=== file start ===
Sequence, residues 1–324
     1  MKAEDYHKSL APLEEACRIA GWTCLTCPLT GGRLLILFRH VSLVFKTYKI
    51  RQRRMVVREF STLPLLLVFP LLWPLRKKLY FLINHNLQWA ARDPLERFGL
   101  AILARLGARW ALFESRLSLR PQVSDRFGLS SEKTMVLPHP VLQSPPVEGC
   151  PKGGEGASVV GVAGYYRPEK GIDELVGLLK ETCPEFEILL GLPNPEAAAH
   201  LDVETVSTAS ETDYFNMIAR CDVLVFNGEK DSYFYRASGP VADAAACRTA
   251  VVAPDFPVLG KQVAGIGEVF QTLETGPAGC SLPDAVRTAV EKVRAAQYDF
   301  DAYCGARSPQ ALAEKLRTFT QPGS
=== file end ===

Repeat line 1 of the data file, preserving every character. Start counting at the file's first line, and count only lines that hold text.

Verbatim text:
Sequence, residues 1–324